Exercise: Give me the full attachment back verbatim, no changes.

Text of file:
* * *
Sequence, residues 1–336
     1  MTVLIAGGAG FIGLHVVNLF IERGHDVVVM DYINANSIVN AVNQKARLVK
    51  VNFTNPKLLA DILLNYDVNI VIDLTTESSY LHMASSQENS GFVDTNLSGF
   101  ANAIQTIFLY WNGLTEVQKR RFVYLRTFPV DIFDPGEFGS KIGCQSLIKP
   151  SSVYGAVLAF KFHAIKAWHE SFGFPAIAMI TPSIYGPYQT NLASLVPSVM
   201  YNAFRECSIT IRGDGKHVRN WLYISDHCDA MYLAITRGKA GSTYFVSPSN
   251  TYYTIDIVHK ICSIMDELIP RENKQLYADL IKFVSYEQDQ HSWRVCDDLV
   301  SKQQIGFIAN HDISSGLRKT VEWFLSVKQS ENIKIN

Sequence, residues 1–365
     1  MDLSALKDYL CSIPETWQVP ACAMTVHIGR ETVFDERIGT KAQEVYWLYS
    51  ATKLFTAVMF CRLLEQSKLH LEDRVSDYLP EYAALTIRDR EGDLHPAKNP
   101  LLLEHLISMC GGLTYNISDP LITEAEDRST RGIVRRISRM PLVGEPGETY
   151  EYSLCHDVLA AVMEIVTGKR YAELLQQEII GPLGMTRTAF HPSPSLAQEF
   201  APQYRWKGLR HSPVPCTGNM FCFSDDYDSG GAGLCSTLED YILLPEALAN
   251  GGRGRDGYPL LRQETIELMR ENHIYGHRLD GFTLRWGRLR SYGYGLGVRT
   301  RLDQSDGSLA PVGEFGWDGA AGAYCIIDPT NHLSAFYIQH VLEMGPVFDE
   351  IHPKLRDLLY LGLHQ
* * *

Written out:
Sequence, residues 1–336
     1  MTVLIAGGAG FIGLHVVNLF IERGHDVVVM DYINANSIVN AVNQKARLVK
    51  VNFTNPKLLA DILLNYDVNI VIDLTTESSY LHMASSQENS GFVDTNLSGF
   101  ANAIQTIFLY WNGLTEVQKR RFVYLRTFPV DIFDPGEFGS KIGCQSLIKP
   151  SSVYGAVLAF KFHAIKAWHE SFGFPAIAMI TPSIYGPYQT NLASLVPSVM
   201  YNAFRECSIT IRGDGKHVRN WLYISDHCDA MYLAITRGKA GSTYFVSPSN
   251  TYYTIDIVHK ICSIMDELIP RENKQLYADL IKFVSYEQDQ HSWRVCDDLV
   301  SKQQIGFIAN HDISSGLRKT VEWFLSVKQS ENIKIN

Sequence, residues 1–365
     1  MDLSALKDYL CSIPETWQVP ACAMTVHIGR ETVFDERIGT KAQEVYWLYS
    51  ATKLFTAVMF CRLLEQSKLH LEDRVSDYLP EYAALTIRDR EGDLHPAKNP
   101  LLLEHLISMC GGLTYNISDP LITEAEDRST RGIVRRISRM PLVGEPGETY
   151  EYSLCHDVLA AVMEIVTGKR YAELLQQEII GPLGMTRTAF HPSPSLAQEF
   201  APQYRWKGLR HSPVPCTGNM FCFSDDYDSG GAGLCSTLED YILLPEALAN
   251  GGRGRDGYPL LRQETIELMR ENHIYGHRLD GFTLRWGRLR SYGYGLGVRT
   301  RLDQSDGSLA PVGEFGWDGA AGAYCIIDPT NHLSAFYIQH VLEMGPVFDE
   351  IHPKLRDLLY LGLHQ